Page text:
Run into Learning, Ecole Marie Anne Gabouray, 31’ x 100’, 50 Hastings Boulevard (corner of Dakota and St Mary’s Rd), Winnipeg, MB, 2011, latex on cinder block

Sponsor: Take Pride Winnipeg

This colourful, vivacious wall is part of the Louis Riel School Divison and is a French immersion school with children learning from grades K-8.  It is located in the playground on the upper part of the gym wall below the basketball courts, beside the soccer field and parking lot.  Hastings school shares the grounds with Ecole Gabouray and if you are standing in the back of Hastings school, you can get a great view of the mural.  Some of the former students of Ecole Marie-Anne Gabouray had painted the wall with a rainbow, the school mascot, parliament building, a bus and teepees but the paint was pealing so it needed to be repainted.

With a change in mascot, the Principal Marc Poirier wanted students to come up with the idea for the mural and include a reference to Louis Riel’s grandmother, Marie-Anne Gabouray.  Near the end of the year, some grade 7 and 8 students made a list of words that represented the school; “the power of MAG, respect, safe, fun, sports, educational, leadership, helpful.”  A sketch was made of a large book with figures coming out of it.  These figures represented the various subjects in the school such as computers, science, math, physical education and some of the activities played on the school yard.  The students and principal asked for a mural that would reflect their school beliefs, mainly who they are and what they do.  Since the school was a part of the Louis Riel School Division and I previously taught art at George McDowell School, I knew the art curriculum and some of the lessons that Karen Geist, the visual arts consultant had made available to all teachers in the division.  A very popular inservice inspired by Norval Morrisseau, an Aboriginal, Woodlands, Canadian artist who paints legends of his people and stories of his Christian beliefs was presented to early years teachers.  Students used his characteristic thick, black outlines to create the skeleton of animals and people which were later filled with bright pure colours.  The black line was meant to suggest a continuous contour line dividing good from evil or one idea from the next.  Even though this school has never had an art specialist, I knew I had to come up with something that was fitting for the school, the students and the division.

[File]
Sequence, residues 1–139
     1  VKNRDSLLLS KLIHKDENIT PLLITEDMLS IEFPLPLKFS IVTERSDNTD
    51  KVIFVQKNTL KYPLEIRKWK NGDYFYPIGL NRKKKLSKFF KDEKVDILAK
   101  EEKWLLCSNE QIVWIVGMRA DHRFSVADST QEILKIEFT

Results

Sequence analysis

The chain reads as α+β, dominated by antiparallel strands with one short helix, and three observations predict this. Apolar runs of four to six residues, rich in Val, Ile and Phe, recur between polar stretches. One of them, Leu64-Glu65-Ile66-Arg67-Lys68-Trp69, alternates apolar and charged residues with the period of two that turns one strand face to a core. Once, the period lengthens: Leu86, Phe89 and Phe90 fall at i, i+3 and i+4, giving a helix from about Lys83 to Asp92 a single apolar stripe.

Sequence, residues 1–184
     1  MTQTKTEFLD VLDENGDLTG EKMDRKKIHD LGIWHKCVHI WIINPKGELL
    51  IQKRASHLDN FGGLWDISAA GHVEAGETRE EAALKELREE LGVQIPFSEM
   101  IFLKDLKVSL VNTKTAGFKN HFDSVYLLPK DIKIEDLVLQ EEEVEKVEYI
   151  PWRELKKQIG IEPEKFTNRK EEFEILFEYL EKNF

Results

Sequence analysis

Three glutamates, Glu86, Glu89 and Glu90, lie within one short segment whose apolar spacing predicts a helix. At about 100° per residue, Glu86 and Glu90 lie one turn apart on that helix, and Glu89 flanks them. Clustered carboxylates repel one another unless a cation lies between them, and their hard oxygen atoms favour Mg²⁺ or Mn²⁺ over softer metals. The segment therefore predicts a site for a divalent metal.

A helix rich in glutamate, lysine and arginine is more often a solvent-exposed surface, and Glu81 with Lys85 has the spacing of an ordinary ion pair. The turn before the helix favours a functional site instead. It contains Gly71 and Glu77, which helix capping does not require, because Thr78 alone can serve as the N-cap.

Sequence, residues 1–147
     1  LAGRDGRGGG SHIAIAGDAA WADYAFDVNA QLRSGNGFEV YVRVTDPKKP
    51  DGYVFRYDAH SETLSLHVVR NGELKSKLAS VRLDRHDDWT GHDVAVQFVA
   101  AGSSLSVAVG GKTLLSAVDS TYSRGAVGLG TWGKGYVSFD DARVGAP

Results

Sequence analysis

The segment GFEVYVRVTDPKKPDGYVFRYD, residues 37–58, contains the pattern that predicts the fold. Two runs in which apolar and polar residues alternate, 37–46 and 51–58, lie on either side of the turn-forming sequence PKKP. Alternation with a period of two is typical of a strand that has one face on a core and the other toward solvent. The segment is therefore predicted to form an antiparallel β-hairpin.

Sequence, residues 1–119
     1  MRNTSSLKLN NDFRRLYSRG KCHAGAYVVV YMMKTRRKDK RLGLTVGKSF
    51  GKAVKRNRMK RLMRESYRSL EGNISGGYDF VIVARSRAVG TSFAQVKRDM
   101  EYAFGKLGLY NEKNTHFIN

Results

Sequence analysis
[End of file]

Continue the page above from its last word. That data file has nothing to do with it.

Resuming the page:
“Run into Learning” is an energetic look at some of the activities played on the school grounds and the learning that happens inside the school.  Stylistically it suggests Aboriginal paintings or children’s artwork, the imagination of readers and the real life energy of young learners.  The soccer field and cloudy sky provides a common background to the composition bringing together the events on the left with the learning on the right.  An orange flying book comes to life with every subject from math, language arts, computers, physical education, music to art.  A scientific specimen is examined as colours flow from its base, suggesting optics; the basis for colour theory, mixing everything from three primary colours.  As the mural progresses so does ones imagination with a fairytale land hiding beneath her chin providing an entrance to another world.  The school words are written in the book as a handbook of beliefs.  The  little girl playing blocks is a reference to the daycare located in the school basement.  A portrait of Marie-Anne Gabouray is placed to the right of the new school logo.  Two Asian girls were added to give diversity to the kind of activities played on the playground.  The children running toward the soccer ball suggest the frequent games played on the field and the energy that many students put into their studies.  They have things in common yet are different.  The solid black line that shows up so often in Norval Morrisseau’s work and the Woodland Artist’s style indicates an interdependence of relationships.  It also breaks up different ideas for example active learning verses traditional learning.  The simplicity of colour and line suggests student work which is often bright and brilliant.